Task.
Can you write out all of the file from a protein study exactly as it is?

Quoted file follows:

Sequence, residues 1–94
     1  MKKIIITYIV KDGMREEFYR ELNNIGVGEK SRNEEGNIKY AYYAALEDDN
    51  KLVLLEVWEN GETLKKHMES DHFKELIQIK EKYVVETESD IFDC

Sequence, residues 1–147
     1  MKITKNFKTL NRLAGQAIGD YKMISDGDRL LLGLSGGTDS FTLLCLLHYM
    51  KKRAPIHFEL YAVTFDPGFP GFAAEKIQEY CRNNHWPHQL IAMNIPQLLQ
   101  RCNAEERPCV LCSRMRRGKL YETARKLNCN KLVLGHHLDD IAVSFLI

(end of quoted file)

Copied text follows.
Sequence, residues 1–94
     1  MKKIIITYIV KDGMREEFYR ELNNIGVGEK SRNEEGNIKY AYYAALEDDN
    51  KLVLLEVWEN GETLKKHMES DHFKELIQIK EKYVVETESD IFDC

Sequence, residues 1–147
     1  MKITKNFKTL NRLAGQAIGD YKMISDGDRL LLGLSGGTDS FTLLCLLHYM
    51  KKRAPIHFEL YAVTFDPGFP GFAAEKIQEY CRNNHWPHQL IAMNIPQLLQ
   101  RCNAEERPCV LCSRMRRGKL YETARKLNCN KLVLGHHLDD IAVSFLI